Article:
By Cris Franco
Starring in A Chorus Line at the Hollywood Bowl July 29, 30, and 31st
Rising young actor, Krysta Rodriguez, just 32 this week, is the new breed of Latina performer, gracefully flowing from stage to screen, and from ethnically specific to mainstream roles with ease. Talented and wise beyond her years, with gorgeously-expressive eyes, I chatted with Ms. Rodriguez in Manhattan, the day before she was to fly out to L.A. to join the all-star cast of A Chorus Line at the Hollywood Bowl.
Cris Franco: I’m a big fan – caught your terrific performances in Spring Awakening and as Wednesday in Addams Family. What was it like co-starring with such heavy hitters as Bebe Neuwirth and the amazing Nathan Lane?
Krysta Rodriguez: You become their peer by working with them and both were nice to me; lovely and generous and fun.
CF: Congrats on being cast as the iconic Diana Morales in the Hollywood Bowl’s A Chorus Line. How would you describe Diana Morales?
KR: Diana has guts and self-esteem. At the end of the show the dancers talk about the difficulties of chorus life. But Morales steps up saying that this is the best we can do and we should not complain but be glad you’re in the best business in the world, and not worry too much. At the end of the day, it is the best profession in the world for performers….
CF: Is this really the best profession in the world?
KR: For me? Yes, it’s the only place I’d want to be.
CF: Were you one of those musical comedy kids who’ve always had musicals in their lives?
KR: Not really. When I was younger – all I knew is that I wanted to sing and I thought I might be a pop star. Around thirteen, is when I understood that being a musical performer was a “profession” that required very specific skills — so I started taking dancing, acting and took my singing more seriously.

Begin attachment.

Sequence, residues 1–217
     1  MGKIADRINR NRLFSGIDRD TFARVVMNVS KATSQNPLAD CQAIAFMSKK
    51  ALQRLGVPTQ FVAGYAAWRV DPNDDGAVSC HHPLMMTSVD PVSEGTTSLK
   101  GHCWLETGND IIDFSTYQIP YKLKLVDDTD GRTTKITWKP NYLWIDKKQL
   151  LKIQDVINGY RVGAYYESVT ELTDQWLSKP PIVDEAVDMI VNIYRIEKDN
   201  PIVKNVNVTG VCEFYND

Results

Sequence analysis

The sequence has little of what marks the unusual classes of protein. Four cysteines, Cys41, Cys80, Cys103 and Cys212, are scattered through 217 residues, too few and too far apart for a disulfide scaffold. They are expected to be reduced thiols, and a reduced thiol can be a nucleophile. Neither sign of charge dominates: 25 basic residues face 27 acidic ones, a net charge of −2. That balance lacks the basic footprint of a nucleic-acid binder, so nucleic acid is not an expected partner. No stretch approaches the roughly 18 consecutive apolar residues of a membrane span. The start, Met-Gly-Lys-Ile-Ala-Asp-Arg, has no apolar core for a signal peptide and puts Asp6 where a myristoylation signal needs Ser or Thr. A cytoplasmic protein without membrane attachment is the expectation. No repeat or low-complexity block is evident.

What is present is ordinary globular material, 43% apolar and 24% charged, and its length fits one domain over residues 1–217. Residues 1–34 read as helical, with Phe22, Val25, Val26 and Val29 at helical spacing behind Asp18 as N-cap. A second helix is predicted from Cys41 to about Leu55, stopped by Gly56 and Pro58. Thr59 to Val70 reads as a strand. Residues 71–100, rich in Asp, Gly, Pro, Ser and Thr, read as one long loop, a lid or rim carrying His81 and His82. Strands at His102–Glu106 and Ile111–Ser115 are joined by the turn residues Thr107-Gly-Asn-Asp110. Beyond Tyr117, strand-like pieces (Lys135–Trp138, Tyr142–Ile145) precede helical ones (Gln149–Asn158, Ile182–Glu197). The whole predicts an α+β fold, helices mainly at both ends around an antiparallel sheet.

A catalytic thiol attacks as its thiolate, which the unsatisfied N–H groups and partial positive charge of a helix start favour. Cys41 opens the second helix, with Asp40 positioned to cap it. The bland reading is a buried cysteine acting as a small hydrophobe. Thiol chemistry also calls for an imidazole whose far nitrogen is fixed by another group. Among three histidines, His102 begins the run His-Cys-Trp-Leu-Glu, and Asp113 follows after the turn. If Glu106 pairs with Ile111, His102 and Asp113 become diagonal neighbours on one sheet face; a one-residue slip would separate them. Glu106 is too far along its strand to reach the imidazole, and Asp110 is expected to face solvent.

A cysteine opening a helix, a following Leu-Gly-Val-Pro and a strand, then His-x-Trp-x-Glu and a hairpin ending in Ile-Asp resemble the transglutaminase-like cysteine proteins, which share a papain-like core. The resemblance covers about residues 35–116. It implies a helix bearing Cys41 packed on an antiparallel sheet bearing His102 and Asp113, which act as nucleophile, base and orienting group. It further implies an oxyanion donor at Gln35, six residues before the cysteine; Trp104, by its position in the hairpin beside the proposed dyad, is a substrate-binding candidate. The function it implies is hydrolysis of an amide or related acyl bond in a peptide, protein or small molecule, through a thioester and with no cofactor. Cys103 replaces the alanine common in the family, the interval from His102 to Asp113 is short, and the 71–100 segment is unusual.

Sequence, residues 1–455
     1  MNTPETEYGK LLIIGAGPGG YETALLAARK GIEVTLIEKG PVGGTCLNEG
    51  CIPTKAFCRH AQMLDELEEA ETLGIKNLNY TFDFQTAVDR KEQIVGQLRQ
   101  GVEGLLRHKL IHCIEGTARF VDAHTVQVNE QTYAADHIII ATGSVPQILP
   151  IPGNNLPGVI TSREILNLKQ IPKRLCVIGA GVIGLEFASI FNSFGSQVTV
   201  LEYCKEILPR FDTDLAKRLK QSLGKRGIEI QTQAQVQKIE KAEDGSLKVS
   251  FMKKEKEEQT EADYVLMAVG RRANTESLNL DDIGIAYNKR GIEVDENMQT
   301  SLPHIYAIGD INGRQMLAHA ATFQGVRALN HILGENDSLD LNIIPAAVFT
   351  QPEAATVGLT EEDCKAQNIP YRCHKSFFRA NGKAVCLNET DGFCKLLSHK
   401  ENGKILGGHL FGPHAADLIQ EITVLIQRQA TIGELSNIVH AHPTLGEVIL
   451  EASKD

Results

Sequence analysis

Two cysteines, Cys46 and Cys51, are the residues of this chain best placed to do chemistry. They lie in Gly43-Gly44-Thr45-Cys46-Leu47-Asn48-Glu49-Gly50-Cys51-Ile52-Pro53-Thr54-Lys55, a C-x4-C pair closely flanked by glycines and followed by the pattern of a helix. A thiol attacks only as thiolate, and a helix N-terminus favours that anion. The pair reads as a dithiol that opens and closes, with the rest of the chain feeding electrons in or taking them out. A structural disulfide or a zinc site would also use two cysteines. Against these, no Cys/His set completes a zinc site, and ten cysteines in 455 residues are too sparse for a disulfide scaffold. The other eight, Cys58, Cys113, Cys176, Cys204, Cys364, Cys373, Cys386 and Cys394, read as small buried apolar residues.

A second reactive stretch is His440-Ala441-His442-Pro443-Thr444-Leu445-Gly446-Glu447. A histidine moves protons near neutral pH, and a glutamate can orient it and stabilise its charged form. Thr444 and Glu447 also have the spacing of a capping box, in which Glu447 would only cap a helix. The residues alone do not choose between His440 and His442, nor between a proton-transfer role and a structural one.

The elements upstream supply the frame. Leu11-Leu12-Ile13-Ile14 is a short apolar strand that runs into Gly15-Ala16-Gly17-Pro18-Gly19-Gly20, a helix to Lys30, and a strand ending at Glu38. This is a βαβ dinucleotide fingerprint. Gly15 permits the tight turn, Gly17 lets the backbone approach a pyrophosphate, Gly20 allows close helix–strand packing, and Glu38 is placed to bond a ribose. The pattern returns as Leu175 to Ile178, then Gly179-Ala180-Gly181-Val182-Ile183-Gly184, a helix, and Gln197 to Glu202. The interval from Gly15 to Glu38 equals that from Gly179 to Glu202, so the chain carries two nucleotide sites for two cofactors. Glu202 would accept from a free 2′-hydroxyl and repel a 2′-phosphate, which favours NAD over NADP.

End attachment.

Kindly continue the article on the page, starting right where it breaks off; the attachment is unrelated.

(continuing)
CF: And today you’re a “triple threat.” Which is what you need to be for A Chorus Line, right?
KR: Surprisingly, A Chorus Line isn’t really a dance-heavy show – it’s more of an acting show. There’s maybe 40 minutes of dancing in the whole 2-hour show. The rest is standing, listening and each character communicating their needs and wants. The choreography is iconic and fun to do – but the acting is what gives the show its perspective.
CF: Yes, acting is the most intimate of all the arts. What are the challenges of performing in a venue as ginormous as the Hollywood Bowl?
KR: Well, the intimacy of a Chorus Line is going to be tough to accomplish in front of 18,000 viewers. But I guess it’ll raise the stakes even higher.
CF: What was your experience performing in In the Heights?
KR: Oh, you mean Lin’s show before “that other show?” [Hamilton] It was great to watch him come into his own as a writer. And, yes, he is as sweet as he seems. With his big puppy dog eyes. It was wonderful to see so many Latino characters on Broadway in Heights. We all know that we Latinos have not always been represented in a positive light. There are no knifes or guns in In the Heights. Lin’s given us an affirming and authentic look at our lives.
CF: Yeah, Miranda’s able to blend what’s great about our Old World culture – with what makes us contemporary Americans.